But they struggled to do so. Most NZ businesses are small. Many of them can’t afford the long-term commitment and cost of training, particularly during a long period of recession followed by slow growth; and others don’t value training enough or they take the easy way out of hiring staff others have trained.

    The changes the Bolger government made to training helped build the number of trainees to 49,577 in June 1999. But if the government’s support was not skeletal, it was certainly insufficient. That was still far too low a number for our economy. Back then, well before brisk GDP growth 2000-07, businesses were already citing skill shortages as a major impediment to their growth in the NZIER quarterly surveys.

    Changes by the Clark government helped the number of trainees reach 133,303 at the end of 2008, a 169% increase of the previous government’s peak. Yet businesses were saying skill shortages were an even bigger restraint on their growth.

    During the subsequent recession and period of slow growth, the number of trainees fell to 115,600 by last June. Yet the recession should have been the very time that more people were in training to equip them and their employers for a resumption of strong growth.

    But many companies have had to cut their training budgets during these tight times. Some skills are already in short supply. So clearly training requires well-integrated programmes involving government, business, polytechs and other providers.

    Currently these programmes aren’t performing as well as they need to. The government is right to work on them, as I said in my column. But as I also said, the government would greatly worsen skills shortages if it pushed more of the training cost back to businesses. It would stunt the economy’s growth rate.

    In addition, some of the above comments have factual errors. To correct a couple:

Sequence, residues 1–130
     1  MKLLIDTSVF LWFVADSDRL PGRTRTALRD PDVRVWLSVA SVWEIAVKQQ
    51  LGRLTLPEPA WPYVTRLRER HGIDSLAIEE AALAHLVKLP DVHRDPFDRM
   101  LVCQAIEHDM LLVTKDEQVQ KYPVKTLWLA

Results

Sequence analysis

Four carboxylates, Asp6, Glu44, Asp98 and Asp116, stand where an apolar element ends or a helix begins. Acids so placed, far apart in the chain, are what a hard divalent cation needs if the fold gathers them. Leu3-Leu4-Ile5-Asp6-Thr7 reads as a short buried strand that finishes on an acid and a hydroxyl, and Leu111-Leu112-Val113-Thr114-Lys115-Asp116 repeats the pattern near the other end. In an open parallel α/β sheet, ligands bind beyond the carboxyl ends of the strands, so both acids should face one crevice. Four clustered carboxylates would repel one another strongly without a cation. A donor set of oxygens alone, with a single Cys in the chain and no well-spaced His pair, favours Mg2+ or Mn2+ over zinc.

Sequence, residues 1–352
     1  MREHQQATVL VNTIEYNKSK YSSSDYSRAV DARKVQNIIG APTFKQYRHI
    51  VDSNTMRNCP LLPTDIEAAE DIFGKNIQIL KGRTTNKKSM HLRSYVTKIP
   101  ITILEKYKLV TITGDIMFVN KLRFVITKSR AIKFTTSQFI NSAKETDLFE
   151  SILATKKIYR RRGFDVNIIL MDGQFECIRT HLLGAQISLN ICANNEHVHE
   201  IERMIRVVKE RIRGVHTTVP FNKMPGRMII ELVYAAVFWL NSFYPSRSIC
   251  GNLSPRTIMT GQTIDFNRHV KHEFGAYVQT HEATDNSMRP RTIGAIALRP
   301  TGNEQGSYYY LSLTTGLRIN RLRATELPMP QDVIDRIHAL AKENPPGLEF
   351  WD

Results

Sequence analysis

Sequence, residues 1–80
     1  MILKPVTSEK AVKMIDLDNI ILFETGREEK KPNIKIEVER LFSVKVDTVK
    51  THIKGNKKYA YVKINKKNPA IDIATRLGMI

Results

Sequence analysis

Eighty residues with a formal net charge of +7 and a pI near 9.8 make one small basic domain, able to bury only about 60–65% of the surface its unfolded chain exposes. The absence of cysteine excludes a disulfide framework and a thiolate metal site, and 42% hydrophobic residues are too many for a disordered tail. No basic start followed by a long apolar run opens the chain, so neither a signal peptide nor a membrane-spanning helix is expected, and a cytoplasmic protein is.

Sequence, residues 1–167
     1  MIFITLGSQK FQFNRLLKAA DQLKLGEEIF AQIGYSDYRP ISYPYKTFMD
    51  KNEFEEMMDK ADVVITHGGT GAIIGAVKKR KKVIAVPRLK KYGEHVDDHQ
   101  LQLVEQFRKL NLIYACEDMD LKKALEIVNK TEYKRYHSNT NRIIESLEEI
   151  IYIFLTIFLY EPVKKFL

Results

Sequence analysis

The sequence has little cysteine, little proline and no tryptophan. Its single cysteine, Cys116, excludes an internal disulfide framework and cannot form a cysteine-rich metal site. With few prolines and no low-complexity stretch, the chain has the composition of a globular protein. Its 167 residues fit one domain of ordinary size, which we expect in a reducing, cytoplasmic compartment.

– Frederic reckons I “devoted every second column to attacking National” in 2008. In fact, of the 46 columns I wrote that year, only eight were negative about National, while a further two made a mix of positive and negative comments about National.

    – Lee C reckons I “heaped lavish praise on Labour” in those 2008 columns, In fact of the 46 columns, four were negative about Labour; three were mixed positive and negative; and four were positive.

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  18. Paulus (2,627 comments) says:

    I stopped reading the back “business” page of the SST some time ago when Oram appeared.

    I expected to see him on Labour’s List, but I assume he is more valuable to Labour as a so called “columnist”.

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  19. 3-coil (1,220 comments) says:

    Oram has always been a grovelling Labour Party toady – and always will be.

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  20. Frederick (39 comments) says:

    Thanks Rod for making the effort to reply. I must say I haven’t kept all your columns so can’t quantify the apparent political bias that I believe was apparent. I appreciate that I was somewhat exaggerating but I still maintain that you are distinctly biased toward the labour party.
    However I have to accept your research and while I am slightly cynical I take at face value your findings. If only you had decried Cullen’s obstinate refusal to change the tax brackets and top tax rate (along with many other economists) I would be a little more sympathetic.

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  21. rodoram (2 comments) says:

    Frederick, I’m only trying to stimulate debate on the best solutions for the economy…wherever they sit in the broad centre of the political spectrum. For example, I’ve been very supportive in my columns of a number of big decisions by the Key government such as those on the ETS and water policy. So why will so few National supporters debate whether the government’s Economic Growth Agenda will actually lift the growth rate? Treasury’s forecasts to 2015 in this year’s Budget documents show it won’t. In fact Treasury, and the Reserve Bank, reckon the GDP long run growth rate is exactly the same out to 2015 as it was before the recession or change of government. Time to get this right is getting very, very short. All the best, Rod